Being involved in SEO for the last 10 years, I have seen many changes as Google refined its algorithm to both tactics to manipulate the rankings, and the introduction of new technology. Here I highlight some of the strategies that were used and how Google brought in changes to counteract them.
Onpage Optimisation in 2007
SEO in the mid to late noughties was easy. You basically found out what keywords you wanted to rank for, placed them sporadically around the site, not paying too much attention to copy, grammar or calls to action and within 3 months – 6 months for competitive keywords – you could rank a site.
I may be taking a too broad approach here to how easy it was, but basically, you had tried and tested methods that would rank regardless on how competitive a keyword was. You mentioned keywords in the meta tags (the bits that appear in a Google search), 60% of the overall text in the navigation, URLs and footer and considered it job done. This was the extent of onpage optimisation.
Onpage Optimisation in 2017
Whilst keywords are still important to point Google to what it is you want to be found for, how the copy sounds to a user, readability, calls to action, grammar are more important. Google now crawls more like a user and overly spamming the meta tags or overusing keywords is bad practice and could see the site penalised.
Nowadays people optimise as though Google didn’t exist. Google announced the Google Panda update, where duplicate content, poor user experience, duplicate pages and meta descriptions were penalised.
UI (User Interface) in 2007
Traditional SEOs without a design background paid no attention to UI – that’s a design thing they would say. Most had no idea what it even stood for.
The optimiser’s job was to optimise the site and rank for keywords, whether it converted or not was the designer/website owner’s job. Being top of Google was the aim of the game and if it didn’t convert then it was down to others to solve
UI (User Interface) in 2017
The job of the SEO is no longer about ranking for keywords. That is just part of the issue. In fact, in order of priority, it’s third on the list of goals behind conversion and traffic.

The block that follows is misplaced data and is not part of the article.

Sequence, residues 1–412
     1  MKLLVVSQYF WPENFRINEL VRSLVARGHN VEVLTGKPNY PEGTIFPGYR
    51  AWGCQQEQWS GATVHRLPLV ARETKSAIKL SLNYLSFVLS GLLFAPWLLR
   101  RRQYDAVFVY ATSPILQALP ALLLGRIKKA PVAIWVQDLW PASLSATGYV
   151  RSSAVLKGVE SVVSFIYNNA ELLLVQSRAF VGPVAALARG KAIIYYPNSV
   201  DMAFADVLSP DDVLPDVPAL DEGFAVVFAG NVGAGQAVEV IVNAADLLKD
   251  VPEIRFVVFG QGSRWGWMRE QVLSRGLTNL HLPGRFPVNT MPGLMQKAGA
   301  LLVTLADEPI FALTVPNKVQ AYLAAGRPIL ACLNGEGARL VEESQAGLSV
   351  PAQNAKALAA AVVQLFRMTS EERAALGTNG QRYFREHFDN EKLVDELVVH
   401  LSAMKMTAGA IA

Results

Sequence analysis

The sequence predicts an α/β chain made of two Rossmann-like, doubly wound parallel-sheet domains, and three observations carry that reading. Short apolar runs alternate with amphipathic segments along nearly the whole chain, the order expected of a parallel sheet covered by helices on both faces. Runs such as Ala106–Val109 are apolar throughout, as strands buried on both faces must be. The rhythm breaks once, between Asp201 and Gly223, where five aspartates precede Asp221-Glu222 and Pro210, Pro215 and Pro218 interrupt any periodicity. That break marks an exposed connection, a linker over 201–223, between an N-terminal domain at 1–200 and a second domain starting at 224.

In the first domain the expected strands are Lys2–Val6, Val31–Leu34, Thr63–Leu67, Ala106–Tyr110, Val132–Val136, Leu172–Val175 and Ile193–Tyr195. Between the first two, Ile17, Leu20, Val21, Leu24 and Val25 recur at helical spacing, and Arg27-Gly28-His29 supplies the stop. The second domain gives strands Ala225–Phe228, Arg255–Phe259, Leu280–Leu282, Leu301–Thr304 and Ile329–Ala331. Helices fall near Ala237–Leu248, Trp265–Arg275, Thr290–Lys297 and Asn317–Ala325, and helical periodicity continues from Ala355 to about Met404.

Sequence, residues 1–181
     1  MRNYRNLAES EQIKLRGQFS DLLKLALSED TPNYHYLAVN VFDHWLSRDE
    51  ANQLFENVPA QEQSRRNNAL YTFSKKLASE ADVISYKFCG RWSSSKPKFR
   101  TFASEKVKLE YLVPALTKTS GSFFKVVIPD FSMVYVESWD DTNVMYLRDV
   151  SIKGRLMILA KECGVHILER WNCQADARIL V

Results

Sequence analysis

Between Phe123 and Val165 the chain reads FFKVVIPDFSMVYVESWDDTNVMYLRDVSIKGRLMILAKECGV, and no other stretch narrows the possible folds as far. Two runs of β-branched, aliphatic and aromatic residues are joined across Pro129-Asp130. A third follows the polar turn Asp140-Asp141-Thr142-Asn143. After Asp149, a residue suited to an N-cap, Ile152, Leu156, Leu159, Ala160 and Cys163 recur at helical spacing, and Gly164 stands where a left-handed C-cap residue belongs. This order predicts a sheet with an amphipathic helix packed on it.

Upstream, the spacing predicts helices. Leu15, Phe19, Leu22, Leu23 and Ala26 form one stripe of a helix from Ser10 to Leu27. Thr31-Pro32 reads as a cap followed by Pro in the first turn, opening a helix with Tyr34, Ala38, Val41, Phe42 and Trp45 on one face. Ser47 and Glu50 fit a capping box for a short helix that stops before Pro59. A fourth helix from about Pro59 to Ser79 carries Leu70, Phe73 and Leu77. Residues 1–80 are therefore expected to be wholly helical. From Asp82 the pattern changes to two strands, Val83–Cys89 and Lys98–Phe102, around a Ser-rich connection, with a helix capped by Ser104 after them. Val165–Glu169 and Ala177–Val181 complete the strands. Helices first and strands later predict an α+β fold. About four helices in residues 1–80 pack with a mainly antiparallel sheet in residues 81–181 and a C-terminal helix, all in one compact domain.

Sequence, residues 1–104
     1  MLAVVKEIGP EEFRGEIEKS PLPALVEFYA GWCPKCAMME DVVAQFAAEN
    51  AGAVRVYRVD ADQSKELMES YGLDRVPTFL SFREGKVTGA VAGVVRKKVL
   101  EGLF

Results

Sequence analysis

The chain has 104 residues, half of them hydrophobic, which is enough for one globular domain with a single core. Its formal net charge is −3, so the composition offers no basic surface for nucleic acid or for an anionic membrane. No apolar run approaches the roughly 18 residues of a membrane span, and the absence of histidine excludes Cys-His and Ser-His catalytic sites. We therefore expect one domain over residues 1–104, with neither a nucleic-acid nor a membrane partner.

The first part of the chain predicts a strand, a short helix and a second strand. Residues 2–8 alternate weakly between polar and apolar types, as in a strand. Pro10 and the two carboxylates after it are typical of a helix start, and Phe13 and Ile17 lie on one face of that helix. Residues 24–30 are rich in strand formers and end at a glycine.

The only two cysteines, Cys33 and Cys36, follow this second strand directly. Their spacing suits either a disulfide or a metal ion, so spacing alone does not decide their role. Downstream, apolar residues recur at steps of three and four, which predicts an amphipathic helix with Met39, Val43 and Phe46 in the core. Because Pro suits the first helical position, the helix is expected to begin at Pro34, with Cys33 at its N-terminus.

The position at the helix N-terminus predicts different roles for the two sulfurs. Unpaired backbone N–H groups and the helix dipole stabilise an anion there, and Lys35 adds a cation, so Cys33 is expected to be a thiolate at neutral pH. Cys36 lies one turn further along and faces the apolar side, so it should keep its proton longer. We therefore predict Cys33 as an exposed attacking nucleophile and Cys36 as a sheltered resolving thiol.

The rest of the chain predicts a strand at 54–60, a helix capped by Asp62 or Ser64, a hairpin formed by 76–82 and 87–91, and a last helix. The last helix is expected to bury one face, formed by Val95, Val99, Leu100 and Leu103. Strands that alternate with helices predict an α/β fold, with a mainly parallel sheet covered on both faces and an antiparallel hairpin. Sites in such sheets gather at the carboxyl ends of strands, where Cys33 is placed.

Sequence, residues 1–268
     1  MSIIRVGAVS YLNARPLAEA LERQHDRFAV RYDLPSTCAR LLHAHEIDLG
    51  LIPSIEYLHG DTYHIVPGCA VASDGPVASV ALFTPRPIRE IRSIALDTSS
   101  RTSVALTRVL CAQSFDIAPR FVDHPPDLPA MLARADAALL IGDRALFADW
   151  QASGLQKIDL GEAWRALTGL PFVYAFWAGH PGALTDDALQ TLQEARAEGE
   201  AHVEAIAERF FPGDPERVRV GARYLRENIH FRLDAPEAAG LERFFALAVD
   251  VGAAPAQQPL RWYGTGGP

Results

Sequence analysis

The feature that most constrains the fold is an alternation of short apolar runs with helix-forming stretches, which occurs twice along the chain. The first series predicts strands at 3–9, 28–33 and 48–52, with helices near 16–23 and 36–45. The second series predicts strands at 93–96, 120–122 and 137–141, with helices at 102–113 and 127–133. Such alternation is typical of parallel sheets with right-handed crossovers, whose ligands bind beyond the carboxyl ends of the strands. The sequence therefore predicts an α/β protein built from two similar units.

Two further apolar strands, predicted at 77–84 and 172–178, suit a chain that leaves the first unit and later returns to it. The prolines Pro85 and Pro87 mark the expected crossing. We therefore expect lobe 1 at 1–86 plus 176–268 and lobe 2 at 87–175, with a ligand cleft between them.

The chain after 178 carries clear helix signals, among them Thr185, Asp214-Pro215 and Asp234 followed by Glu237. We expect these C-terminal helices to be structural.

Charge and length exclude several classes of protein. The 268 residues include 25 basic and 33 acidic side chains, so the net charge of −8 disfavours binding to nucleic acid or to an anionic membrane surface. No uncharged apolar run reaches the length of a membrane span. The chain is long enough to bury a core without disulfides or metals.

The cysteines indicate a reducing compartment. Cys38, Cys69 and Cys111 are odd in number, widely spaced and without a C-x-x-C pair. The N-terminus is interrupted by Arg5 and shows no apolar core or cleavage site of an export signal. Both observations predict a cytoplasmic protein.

Instead of being accountable of where someone is in Google, the client pays a certain amount of money and expects a certain amount of return (whether that’s measured by downloads, sales, email captures or other metrics). Working with web designers and site owners to measure how long someone spends on a page, crawling issues, fetching and rendering of sites (how it appears to a user and Google should be the same), blocked resources, page speed etc are all part of the SEO’s job.
Mobile Friendliness 2007
Why would you want to be shopping on your phone or browsing from your phone? The screen’s too small; it isn’t possible, more people search on desktops.
Being mobile-friendly was a ludicrous idea and a waste of time. If it looked good on a computer or laptop, then it would rank fine.
Google has just one index. Page speed didn’t matter and Google didn’t crawl JS/CSS easily and secure websites were just for e-commerce sites.
Mobile Friendliness 2017
Optimise for mobiles first. It’s a priority that a site is mobile friendly or Google may not rank it as highly. Page speed should be below 3 seconds as otherwise users will leave, according to Neil from digital marketing agency AMA “Google doesn’t want you to block JS/CSS as they can now crawl mostly anything on a site like a user.”
Google announces the mobile first index to be launched in 2018, where how your site looks on a mobile will determine where you rank in Google.
Link Building 2007
The meat of SEO and how you rank a site. 60% of all backlinks can be for your main keyword and page rank was the key. (A figure from Google on how trustworthy a site was from 0-10). High page rank sites, whether they were relevant or not, were the order of business. SEO friendly directories, social bookmarking, PR, forum posting and blog commenting in bulk.
Conversations didn’t matter, why would you ever contact another site with your own content? And a blog was just something you added to a website or was for bigger brands.
Google couldn’t possibly penalise you for links, as they would penalise everyone, so black hat didn’t apply to links. Ranking a website was a numbers game.
Link Building 2017
Possibly the biggest change in the SEO industry so far was regarding link building. Link Building is now called “Link Earning”.
In April 2012 Google announced the Penguin update. This was brought about because of the obvious manipulative tactics that were artificially placing sites with higher visibility using the tactics above. Using keywords in links could see the site penalised and in instead URL or company is used.
Tactics come and go quickly and sites are quashed when they promote unethical link building (anyone remember the Matt Cutts post on Guest Posting it’s done put a fork in it).
These days the buzz word is content marketing, relevancy, and authority. When looking at a site you determine is it relevant to the product/service/message we are conveying?, does it have any authority (page rank is dead so this is measured by external tools such as MOZ, Ahrefs or Majestic link profiling software).
Writing content to attract links naturally is the key and blogs, FAQs, news sections are paramount to success. Instead of looking at your competitor’s links, you are looking at your competitors content and links. Email outreach (emailing sites to link back to your content) is a common practice and link building has become more like old-fashioned PR.
How has the last 10 years affected your optimisation efforts?